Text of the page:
Job Hunting: Raising Your Profile As A Candidate


Job Hunting: Raising Your Profile As A Candidate

Overlooked LinkedIn Profiles:

Often times, in being a recruitment consultant, a candidate will send me a LinkedIn email requesting that I look at their profile through LinkedIn. Needless to say the response will be low on these types of requests. These requests are generally completely overlooked, depending on the recruiter’s workload at the time. This is not an effective way of getting the attention one would require.

The Reasons For This Are The Following:

A client gives a recruiter a position to fill according to a deadline. So finding the right candidate for this particular position is the primary focus. Recruiters look for specific candidates who would fit an open position they are trying to fill as opposed to just randomly gathering CVs or profile information. They will therefore avoid viewing random profiles as it is time consuming and a distraction to the main goal.

The candidate does not pay the recruiter to help them find work, the client does this. The work obligation is not firstly to the candidate, but to the client and treated accordingly.

What Are Better Ways To Get Noticed?

  • Take the time to go through the agency website and job board. View the agency’s current open jobs, and industry they are in. Find out what the agency specialises in. Should you be in line for one of these jobs or in the same industry of specialisation, you would stand a much better chance of getting a noticed and more so getting a response.
  • Make sure you write a good CV in the first place. Review the following CV writing tips at: Link to Tips
  • Rather email your CV directly to the agency/consultant. This way your CV will get into the right hands. Alternatively if you can see that there may be interest in your skills for future positions, register on the Agency’s job board. Depending on the system the agency uses, your CV may go directly into the agency database and your details will therefore become searchable for future job positions.
  • A recruiter works against time, and is highly pressured. Bearing this in mind, key information is on your CV, not available on your LinkedIn profile. Unless you are an exceptional candidate, no one is going to copy and paste your LinkedIn profile into their database, especially when not given complete contact information from the candidate. Without being in the agency database, your details will not come up on future word searches when pulling from company database information.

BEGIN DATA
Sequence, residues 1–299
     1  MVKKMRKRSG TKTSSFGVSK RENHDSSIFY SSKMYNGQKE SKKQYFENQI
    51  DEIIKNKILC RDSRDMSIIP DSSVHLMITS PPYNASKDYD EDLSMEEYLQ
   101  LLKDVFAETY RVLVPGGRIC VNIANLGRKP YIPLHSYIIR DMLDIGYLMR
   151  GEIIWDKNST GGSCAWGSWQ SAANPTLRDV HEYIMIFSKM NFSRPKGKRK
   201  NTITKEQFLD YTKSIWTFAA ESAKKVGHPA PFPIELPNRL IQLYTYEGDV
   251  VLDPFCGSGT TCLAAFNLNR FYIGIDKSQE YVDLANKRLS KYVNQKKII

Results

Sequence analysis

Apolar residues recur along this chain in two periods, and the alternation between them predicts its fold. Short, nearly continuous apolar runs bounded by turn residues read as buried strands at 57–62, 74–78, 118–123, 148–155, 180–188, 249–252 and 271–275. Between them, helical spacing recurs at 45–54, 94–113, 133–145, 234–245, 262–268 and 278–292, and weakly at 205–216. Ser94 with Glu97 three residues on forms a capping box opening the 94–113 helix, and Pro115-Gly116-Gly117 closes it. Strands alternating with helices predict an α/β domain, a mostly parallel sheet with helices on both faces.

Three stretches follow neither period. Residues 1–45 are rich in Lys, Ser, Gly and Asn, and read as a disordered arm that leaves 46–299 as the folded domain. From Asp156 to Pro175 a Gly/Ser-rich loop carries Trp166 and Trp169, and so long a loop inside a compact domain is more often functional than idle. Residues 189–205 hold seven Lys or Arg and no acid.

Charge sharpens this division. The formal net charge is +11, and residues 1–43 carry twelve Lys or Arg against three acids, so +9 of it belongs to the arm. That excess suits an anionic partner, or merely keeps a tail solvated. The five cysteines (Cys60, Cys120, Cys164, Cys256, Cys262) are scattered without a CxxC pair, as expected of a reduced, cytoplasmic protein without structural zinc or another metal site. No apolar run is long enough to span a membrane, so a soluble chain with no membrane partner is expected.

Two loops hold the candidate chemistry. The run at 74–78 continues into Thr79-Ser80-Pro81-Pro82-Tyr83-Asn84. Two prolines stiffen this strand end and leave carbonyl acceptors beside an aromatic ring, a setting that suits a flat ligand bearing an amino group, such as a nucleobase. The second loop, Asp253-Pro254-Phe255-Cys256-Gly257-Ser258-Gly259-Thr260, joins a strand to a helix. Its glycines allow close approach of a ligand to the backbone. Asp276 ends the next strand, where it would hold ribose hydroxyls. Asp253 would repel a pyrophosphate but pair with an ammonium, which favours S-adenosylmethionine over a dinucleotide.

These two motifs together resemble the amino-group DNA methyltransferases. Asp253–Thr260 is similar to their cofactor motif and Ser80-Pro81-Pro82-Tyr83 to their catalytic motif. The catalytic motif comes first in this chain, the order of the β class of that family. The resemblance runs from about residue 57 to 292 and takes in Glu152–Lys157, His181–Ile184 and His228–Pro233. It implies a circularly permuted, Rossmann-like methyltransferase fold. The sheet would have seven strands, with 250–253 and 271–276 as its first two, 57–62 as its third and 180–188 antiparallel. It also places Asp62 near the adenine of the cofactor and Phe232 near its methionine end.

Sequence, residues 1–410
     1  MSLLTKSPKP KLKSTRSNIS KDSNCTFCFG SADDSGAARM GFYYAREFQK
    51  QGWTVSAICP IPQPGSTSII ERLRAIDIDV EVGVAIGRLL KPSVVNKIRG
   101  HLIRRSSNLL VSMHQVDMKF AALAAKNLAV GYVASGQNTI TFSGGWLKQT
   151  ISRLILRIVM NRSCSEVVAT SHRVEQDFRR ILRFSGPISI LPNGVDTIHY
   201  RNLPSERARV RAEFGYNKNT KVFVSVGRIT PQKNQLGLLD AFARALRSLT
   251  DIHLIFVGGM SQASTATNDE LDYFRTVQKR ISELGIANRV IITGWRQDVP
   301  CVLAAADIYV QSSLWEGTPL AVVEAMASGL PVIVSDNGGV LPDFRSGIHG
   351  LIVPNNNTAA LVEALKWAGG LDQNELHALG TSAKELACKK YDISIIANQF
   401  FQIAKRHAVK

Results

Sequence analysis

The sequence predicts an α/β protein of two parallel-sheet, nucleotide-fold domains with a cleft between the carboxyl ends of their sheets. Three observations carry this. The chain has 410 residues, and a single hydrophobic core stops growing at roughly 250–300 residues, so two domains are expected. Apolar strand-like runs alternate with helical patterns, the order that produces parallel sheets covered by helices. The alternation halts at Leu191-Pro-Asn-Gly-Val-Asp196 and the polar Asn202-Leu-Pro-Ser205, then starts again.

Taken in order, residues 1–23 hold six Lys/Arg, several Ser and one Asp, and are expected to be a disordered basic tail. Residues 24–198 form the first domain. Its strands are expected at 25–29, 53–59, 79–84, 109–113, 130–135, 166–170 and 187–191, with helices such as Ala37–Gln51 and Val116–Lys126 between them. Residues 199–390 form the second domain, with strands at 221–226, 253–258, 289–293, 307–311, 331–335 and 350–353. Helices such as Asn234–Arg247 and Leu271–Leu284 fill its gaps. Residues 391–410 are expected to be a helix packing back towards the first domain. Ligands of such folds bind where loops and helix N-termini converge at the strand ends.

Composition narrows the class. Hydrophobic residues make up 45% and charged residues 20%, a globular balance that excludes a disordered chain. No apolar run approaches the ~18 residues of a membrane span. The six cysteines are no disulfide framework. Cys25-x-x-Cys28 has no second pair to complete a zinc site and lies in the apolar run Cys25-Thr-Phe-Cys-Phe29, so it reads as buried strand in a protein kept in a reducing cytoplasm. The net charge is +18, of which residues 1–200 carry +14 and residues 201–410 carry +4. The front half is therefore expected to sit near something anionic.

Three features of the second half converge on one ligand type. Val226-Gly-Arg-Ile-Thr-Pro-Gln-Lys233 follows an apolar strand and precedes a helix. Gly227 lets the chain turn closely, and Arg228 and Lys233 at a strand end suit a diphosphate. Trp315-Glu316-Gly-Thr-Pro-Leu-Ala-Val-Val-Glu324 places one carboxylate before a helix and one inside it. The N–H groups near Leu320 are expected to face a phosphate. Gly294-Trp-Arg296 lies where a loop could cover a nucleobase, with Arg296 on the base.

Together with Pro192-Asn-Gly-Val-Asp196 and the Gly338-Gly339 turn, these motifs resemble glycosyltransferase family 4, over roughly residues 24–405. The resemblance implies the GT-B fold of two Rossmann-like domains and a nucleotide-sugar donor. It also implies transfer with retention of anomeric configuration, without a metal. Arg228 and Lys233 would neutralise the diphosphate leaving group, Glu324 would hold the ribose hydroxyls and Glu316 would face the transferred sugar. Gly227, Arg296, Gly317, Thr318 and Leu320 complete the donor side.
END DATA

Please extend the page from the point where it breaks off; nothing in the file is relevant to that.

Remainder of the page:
• Use clear and understandable subject lines in your email. Your application/request will stand out. It is recognisable. If you use a random subject line, you might end up in a “DEAL WITH LATER” folder or something similar. For e.g.: CV of John Smith (Electrical Engineering Positions). With a subject line like this, a consultant will know immediately how to deal with your paperwork or interest.
  • Do not story tell. Please note that most recruiters scan through CVs. A story telling, long winded CV will not get you the attention you deserve, and frustrate the reader as they will lose interest and patience quickly, requiring greater concentration to withdraw key information that the candidate should have done.
  • Apply to positions relevant to your experience. This seems like a no-brainer, but more than 50% of CVs received are not in line with advertised positions. A recruiter will just move this CV aside to view later, or worse, just delete it. This is an unfortunate reality within most agencies.
  • Be punchy, and to the point on your CV, but not to the point of being skeletal. A recruiter must be able to see key information within seconds on your CV. This way a recruiter can scan through your information and discern your relevance quickly. Should you seem to be in line, even if to just some extent, a recruiter will then certainly have an in depth look at your CV.
  • Improve your LinkedIn profile. Keep it targeted towards your experience. Use many different relevant keywords.
  • Do not oversell yourself on attributes as this is mostly viewed as subjective. People want to see your experience and not hear how wonderful you are.
  • Use correct dates. Often time people have jobs overlapping or huge gaps in employment periods. This is not helpful to a candidate wanting to be noticed as you will lose credibility quickly and unnecessarily cause questions to be raised that could have been avoided.

In Conclusion:

Recruiters are not going to give themselves unnecessary work on LinkedIn when they have to fill jobs and meet strict deadlines, focusing on targeted searches as opposed to dealing with general queries. If you want to come up on a future job search, rather email/register your CV directly to the agency to save onto their database as LinkedIn is often not a primary search focus. Limited keywords on your profile will hinder your chances of getting noticed/found. Lastly, write a good CV and make sure you send it directly to recruitment consultants using the best subject line possible.